- Nurse, Godfrey, 1888-1967
- Call number
- Sc MG 350
- Physical description
- .2 linear feet; 1 microfilm reel
- Preferred Citation
- Godfrey Nurse papers, Schomburg Center for Research in Black Culture, The New York Public Library
- Schomburg Center for Research in Black Culture, Manuscripts, Archives and Rare Books Division
- Access to materials
- Advance notice required. Request access to this collection.Restrictions apply
The Godfrey Nurse Papers pertain to his political career as a member of the Electoral College in 1932 and 1936. The collection consists of correspondence, programs, invitations, speeches, newsclippings, a broadside and a medal. The collection does not contain any material regarding Dr. Nurse's medical career. Material originally was mounted in scrapbooks.
Godfrey Nurse, a surgeon who practiced in Harlem for over fifty years, was instrumental in the establishment and support of two hospitals in the late 1920's, the Edgecombe Sanitorium and the International Hospital, which provided facilities for black physicians and surgeons when all other New York hospitals were barred to them. Born in Guyana, Nurse received the M.D. degree in 1914 from the Long Island College of Medicine. In the 1920's he established the Godfrey Nurse Research Laboratory, which was the first clinical laboratory operated by a black person to be certified by the Health Department. As head of the Manhattan Medical Society, composed of black physicians, Nurse was a leader in the successful efforts for the admission of black doctors to Harlem Hospital. In 1956 he donated $100,000 to that hospital for equipment and operation of a laboratory for surgical investigation.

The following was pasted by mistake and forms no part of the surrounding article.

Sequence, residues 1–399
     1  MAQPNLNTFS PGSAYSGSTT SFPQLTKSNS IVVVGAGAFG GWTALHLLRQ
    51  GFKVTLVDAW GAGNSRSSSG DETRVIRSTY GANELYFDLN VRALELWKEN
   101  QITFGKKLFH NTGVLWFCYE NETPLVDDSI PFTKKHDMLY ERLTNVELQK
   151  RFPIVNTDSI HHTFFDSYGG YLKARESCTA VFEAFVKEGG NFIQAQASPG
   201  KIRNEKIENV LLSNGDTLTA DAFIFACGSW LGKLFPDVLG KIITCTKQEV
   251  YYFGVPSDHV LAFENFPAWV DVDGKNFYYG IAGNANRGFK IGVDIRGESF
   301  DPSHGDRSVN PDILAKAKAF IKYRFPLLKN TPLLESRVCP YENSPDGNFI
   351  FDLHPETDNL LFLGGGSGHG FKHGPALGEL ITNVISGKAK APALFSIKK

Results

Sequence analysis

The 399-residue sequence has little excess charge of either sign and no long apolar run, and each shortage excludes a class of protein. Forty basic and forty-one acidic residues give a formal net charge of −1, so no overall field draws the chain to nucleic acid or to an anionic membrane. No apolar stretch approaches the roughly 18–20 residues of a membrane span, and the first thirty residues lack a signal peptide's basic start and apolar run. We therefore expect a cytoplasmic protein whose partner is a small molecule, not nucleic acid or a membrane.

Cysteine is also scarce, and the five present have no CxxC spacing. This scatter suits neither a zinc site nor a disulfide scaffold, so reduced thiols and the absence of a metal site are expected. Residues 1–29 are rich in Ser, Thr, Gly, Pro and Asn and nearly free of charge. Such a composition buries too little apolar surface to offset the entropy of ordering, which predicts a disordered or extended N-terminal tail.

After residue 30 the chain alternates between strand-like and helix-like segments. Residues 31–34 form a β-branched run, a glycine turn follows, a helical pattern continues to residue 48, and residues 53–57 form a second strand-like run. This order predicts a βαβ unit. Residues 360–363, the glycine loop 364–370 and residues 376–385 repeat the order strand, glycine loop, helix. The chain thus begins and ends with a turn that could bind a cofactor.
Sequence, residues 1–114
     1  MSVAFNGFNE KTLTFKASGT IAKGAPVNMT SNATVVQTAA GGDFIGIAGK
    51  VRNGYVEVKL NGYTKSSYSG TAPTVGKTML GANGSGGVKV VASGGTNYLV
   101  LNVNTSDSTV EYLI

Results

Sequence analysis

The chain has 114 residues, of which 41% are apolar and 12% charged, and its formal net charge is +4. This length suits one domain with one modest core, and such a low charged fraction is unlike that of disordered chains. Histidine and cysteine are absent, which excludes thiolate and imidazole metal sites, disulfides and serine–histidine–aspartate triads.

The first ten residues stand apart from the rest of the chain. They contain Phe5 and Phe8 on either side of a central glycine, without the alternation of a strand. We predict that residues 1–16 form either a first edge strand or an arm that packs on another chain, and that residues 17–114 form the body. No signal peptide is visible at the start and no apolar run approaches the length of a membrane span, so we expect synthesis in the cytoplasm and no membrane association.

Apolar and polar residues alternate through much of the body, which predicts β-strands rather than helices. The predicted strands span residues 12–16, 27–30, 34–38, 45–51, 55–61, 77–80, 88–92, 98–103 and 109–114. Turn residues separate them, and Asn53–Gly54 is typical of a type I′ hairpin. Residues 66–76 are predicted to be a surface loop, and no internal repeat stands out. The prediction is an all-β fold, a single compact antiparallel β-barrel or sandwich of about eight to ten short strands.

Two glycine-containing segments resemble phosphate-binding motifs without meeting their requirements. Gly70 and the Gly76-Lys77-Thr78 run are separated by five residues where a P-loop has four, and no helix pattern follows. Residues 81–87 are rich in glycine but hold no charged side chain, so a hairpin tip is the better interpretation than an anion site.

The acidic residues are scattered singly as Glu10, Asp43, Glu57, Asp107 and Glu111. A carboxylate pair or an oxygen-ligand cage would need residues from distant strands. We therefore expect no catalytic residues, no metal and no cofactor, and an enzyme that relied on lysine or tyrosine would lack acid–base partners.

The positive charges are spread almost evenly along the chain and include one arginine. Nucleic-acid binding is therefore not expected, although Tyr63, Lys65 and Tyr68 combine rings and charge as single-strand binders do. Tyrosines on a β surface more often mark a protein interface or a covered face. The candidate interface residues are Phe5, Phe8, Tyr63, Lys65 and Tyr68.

Active in the Democratic Party, Nurse was the first black elector in the Democratic Party and the first black presidential elector from New York State. As a delegate to the first State Democratic Convention, with Commissioner Thomas E. Dyett, he secured the first endorsement in the state platform of the Wagner-Costigan Anti-Lynching Bill.
Using the collection
LocationSchomburg Center for Research in Black Culture, Manuscripts, Archives and Rare Books Division
515 Malcolm X Boulevard, New York, NY 10037-1801
Access to materialsAdvance notice required. Request access to this collection.
Researchers restricted to microfilm.
Alternative form available
Microfilmed; New York Public Library; call number, Sc Micro R-4843